Good morning! This week there are limited things to say about Georgia because the data coming in over the New Years weekend were so large that it broke the Georgia Department of Public Health dashboard. As a result, we only got 2 days’ worth of county level and demographic data. So today’s newsletter will feature what we can see from Georgia’s data and a look at national trends.
Georgia on my mind
Monday of this weekend started with an onslaught of data from the New Years holiday - data so overwhelming that they were not able to publish the daily report.
They were able to publish on Tuesday and Wednesday, but part of this update included the addition of ~2 million test results that had not previously been reported over the span of 2 years. This may explain why the Monday report was not published. For Thursday and Friday, problems with the Electronic Laboratory Reporting system prevented DPH from publishing at all. However, they were able to provide updated cumulative totals for the big statewide metrics and the hospital dashboards on the Georgia Geospatial Information Office hub were still performing as usual. So these are the data sources for what I’ll show next.
Based on the updated cumulative totals, we can calculate the weekly totals as I’ve always done and those results are shown in the graph below.
Cases rose by 31%, hospital admissions dropped slightly by 8% and ICU admissions rose 46%. Deaths decreased by 31% for the week. What to make of the disconnect now between cases rising and hospital admissions dropping slightly? If we look at the previous peaks for hospital admissions in gray, we can see that we’re right around the same spot. Some of us who monitor these data wondered previously if this was really the worst that hospitalizations were or the most that hospitals had the staffing to admit into the hospital. I am hearing of hospitals being overwhelmed. It could also be just week to week variation. We’ll want to keep an eye on that.
Prior to the data reporting problems with DPH, it did appear that the Atlanta metro *may have* begun to peak for new case rate (see the blue line below). However it’s impossible to know without new data.
In any case, what started in Atlanta with the omicron surge has since spread throughout the state. As of the last full DPH update on 05Jan2022, the 7-day case rate was more than twice as high as it had ever been before. Disease fanned out into rural areas throughout the state, marching southward. It’s possible that if we’d had complete reporting this week the entire state would be that dark maroon color in the map below.
A big part of the reason why the state’s overall patient census graph is nearly to previous surge peaks is because this surge hit Atlanta first and the population density there is large enough to drive the entire state’s patient census upward and fast. If (big if) Atlanta is really starting to peak, that might result in a short pause in upward momentum for COVID-19 patient census that is pushed further upward as the disease has since spread out to other areas of the state.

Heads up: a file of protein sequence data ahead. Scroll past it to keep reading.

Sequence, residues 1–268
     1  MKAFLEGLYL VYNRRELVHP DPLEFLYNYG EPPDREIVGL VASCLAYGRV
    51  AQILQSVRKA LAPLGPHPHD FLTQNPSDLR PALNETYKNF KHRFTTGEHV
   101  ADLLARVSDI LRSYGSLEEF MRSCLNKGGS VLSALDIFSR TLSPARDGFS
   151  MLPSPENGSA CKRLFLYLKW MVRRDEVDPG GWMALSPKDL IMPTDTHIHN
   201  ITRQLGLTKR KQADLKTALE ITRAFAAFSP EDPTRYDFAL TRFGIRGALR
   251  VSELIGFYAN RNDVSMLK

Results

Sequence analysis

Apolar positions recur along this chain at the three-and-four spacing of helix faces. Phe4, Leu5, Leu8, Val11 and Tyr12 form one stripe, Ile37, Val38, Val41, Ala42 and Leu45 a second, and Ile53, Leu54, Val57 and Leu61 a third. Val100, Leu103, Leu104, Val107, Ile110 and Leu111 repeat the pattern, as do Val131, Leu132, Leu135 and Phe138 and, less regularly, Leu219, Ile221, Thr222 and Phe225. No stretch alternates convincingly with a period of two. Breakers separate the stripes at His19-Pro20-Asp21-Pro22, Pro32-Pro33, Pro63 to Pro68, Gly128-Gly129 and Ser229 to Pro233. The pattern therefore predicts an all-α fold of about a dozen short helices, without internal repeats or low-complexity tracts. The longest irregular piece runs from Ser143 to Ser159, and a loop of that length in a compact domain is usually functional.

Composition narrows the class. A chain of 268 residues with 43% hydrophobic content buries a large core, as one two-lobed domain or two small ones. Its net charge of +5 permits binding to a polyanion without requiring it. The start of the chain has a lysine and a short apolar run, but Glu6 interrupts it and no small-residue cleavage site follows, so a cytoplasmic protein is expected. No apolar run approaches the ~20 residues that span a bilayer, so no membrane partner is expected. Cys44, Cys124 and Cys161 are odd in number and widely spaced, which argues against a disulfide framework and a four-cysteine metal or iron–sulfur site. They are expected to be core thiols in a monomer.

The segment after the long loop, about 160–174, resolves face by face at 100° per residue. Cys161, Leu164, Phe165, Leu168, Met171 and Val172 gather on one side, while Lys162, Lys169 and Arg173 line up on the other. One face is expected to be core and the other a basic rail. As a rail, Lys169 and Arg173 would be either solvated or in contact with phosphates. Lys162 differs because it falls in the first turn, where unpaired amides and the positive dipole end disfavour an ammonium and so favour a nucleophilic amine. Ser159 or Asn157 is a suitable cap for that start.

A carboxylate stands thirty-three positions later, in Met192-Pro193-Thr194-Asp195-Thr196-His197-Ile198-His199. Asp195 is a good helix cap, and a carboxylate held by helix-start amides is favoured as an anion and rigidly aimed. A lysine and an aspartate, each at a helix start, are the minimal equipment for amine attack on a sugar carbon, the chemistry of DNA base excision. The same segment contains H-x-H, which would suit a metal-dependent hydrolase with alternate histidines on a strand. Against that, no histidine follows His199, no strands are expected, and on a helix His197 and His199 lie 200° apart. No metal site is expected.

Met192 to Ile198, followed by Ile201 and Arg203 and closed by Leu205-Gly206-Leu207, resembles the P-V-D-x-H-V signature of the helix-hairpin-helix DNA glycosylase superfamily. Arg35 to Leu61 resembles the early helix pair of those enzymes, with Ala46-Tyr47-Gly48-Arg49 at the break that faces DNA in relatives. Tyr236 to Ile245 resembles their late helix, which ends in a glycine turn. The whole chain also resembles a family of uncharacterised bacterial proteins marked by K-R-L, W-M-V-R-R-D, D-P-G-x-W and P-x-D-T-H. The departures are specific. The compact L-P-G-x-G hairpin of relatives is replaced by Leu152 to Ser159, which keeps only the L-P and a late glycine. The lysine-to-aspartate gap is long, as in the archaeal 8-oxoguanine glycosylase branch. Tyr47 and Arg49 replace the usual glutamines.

As of yesterday, 07Jan2022, 12 of Georgia’s 14 hospital regions were in the red zone for patient census (led by region N, northwest Atlanta suburbs) and 5 of the regions were using more than 90% of their ICU beds (led by region I).
Georgia Department of Public Health also shows us how healthcare workers are being impacted by the disease. We can see that the winter 2020 - 2021 surge was the worst for healthcare workers prior to the most recent surge. There was a rise during the delta wave but it was about equal to the spring of 2020, most likely due to the healthcare workforce being highly vaccinated. But that has changed dramatically in the omicron surge. This graph is based on date of symptom onset rather than date of report. So there is a 14 day window of uncertainty over to the right. When cases and deaths are added to this graph, that information is backdated to the start of symptoms or positive test, so for that reason the 14 day window is a bit unreliable. Generally, the numbers can go up but are less likely to go down as time marches on to the right. So for us to see some really big days in the 14 day window for healthcare workers is an ominous sign for future hospital staffing. There were three days this week where >400 new infections were reported among the healthcare workforce. That makes this the biggest surge experienced to date for healthcare workers. As more of these vital workers have to go into isolation, there are fewer people to staff beds in hospitals.
We are beginning to see staffed ICU bed availability decline as a result of both a decrease in total staffing for ICU beds and the increase in patient demand for ICU beds. When you look at this next graph, keep in mind that this many ICU beds are meant to serve a population of 10.6 million people.